Supposedly a true book lover adores the smell of books. I have to confess, I’ve never really understood this. I mean, just before writing this post, I tested this again by smelling my current book and it smells like – paper. Doesn’t give me any nostalgic notions of reading by the fire or anything like that. Still, SO many people talk about book sniffing that there must be some merit to it, right?
So I started thinking about how there are a few books that really do smell good. In fact, sitting here right now, I can literally imagine the smell of my leather bound copy of The Hitchhiker’s Guide to the Galaxy series. Something about the combination of the leather and the gold-edged pages smells divine!
Then there’s OLD books. They seem to smell better, right? I always just thought this was because they were … well, old. I figured years of dust or something actually somehow made a book smell good. But then I found this fun infographic from Andy Brunning over at his blog Compound Interest. Turns out, there’s a reason old books smell good. Old books actually release different chemical compounds than new books that give off sweet odors similar to vanilla, almond and flowers! No wonder people love to sniff those old books! Makes me hungry for a book right now …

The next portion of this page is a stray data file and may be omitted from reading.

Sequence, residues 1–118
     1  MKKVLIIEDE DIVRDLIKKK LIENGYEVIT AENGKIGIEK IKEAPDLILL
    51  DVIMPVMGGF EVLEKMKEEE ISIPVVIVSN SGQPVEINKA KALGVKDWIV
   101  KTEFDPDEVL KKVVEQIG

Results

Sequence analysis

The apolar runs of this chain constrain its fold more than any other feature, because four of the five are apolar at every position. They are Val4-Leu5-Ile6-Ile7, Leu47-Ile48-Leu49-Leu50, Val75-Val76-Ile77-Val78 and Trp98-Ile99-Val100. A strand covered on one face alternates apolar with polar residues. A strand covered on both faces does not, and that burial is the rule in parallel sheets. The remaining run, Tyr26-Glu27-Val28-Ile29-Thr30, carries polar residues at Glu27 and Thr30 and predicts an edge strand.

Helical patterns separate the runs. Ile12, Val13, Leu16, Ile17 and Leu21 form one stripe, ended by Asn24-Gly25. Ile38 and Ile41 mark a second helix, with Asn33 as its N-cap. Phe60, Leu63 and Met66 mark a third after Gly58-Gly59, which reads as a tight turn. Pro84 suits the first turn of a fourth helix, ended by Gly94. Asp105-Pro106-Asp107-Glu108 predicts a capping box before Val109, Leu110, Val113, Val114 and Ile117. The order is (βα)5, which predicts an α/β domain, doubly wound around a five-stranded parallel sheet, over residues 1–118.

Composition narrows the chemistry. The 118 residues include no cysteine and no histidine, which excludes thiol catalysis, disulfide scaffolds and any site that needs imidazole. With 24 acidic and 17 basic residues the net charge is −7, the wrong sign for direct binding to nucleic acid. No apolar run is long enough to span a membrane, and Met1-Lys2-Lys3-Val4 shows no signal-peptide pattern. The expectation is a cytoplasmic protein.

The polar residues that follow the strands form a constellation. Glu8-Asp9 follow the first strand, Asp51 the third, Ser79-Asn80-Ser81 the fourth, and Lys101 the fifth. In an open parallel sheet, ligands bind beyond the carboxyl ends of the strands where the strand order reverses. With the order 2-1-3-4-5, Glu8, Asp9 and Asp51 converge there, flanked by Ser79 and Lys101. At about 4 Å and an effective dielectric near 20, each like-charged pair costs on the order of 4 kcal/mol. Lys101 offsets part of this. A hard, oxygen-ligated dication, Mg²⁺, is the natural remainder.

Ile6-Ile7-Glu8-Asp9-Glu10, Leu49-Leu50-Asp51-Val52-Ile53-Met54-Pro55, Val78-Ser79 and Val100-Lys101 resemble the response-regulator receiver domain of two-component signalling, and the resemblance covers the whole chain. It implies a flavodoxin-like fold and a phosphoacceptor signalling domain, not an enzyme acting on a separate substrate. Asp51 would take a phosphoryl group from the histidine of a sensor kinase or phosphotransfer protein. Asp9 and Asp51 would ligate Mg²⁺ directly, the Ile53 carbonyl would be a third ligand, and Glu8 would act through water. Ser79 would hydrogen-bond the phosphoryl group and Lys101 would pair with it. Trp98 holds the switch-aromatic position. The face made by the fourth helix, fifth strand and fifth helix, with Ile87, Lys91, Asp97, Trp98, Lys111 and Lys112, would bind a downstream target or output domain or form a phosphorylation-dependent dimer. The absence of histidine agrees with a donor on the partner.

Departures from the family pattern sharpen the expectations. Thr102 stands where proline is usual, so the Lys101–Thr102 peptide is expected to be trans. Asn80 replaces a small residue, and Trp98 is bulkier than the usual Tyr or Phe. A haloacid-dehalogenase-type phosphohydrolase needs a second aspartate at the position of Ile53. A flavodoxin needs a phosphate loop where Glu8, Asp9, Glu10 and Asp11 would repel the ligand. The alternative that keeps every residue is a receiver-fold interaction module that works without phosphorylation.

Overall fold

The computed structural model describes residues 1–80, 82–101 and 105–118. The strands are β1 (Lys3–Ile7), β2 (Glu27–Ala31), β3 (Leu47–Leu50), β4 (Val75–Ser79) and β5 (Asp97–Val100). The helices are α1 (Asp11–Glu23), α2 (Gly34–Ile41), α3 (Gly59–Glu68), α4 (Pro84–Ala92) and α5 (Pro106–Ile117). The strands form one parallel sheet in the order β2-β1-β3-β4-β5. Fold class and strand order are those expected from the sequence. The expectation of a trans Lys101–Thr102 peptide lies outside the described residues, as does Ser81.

You can check out Andy Brunning’s original post by clicking on the Infographic and find out more about this phenomenon (including the science behind it).
Do you love the smell of books? Do you think new books are sniffable, or is it just the older ones that make you swoon? I want to know!
As always, this discussion post has been linked up to the 2015 Discussion Challenge.